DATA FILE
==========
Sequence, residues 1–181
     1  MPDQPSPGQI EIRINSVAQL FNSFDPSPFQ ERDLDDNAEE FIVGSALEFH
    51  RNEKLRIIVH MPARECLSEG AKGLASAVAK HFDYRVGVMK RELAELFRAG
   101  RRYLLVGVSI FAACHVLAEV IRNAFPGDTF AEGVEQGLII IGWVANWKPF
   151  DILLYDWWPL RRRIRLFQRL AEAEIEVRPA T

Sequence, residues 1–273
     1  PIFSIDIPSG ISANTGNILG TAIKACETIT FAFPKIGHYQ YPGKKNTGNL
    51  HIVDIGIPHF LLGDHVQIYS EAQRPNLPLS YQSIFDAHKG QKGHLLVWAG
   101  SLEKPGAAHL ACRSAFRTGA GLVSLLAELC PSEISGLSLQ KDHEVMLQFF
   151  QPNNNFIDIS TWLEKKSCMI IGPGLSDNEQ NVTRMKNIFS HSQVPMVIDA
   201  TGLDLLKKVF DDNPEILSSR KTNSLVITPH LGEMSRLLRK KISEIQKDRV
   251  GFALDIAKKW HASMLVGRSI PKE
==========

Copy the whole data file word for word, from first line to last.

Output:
Sequence, residues 1–181
     1  MPDQPSPGQI EIRINSVAQL FNSFDPSPFQ ERDLDDNAEE FIVGSALEFH
    51  RNEKLRIIVH MPARECLSEG AKGLASAVAK HFDYRVGVMK RELAELFRAG
   101  RRYLLVGVSI FAACHVLAEV IRNAFPGDTF AEGVEQGLII IGWVANWKPF
   151  DILLYDWWPL RRRIRLFQRL AEAEIEVRPA T

Sequence, residues 1–273
     1  PIFSIDIPSG ISANTGNILG TAIKACETIT FAFPKIGHYQ YPGKKNTGNL
    51  HIVDIGIPHF LLGDHVQIYS EAQRPNLPLS YQSIFDAHKG QKGHLLVWAG
   101  SLEKPGAAHL ACRSAFRTGA GLVSLLAELC PSEISGLSLQ KDHEVMLQFF
   151  QPNNNFIDIS TWLEKKSCMI IGPGLSDNEQ NVTRMKNIFS HSQVPMVIDA
   201  TGLDLLKKVF DDNPEILSSR KTNSLVITPH LGEMSRLLRK KISEIQKDRV
   251  GFALDIAKKW HASMLVGRSI PKE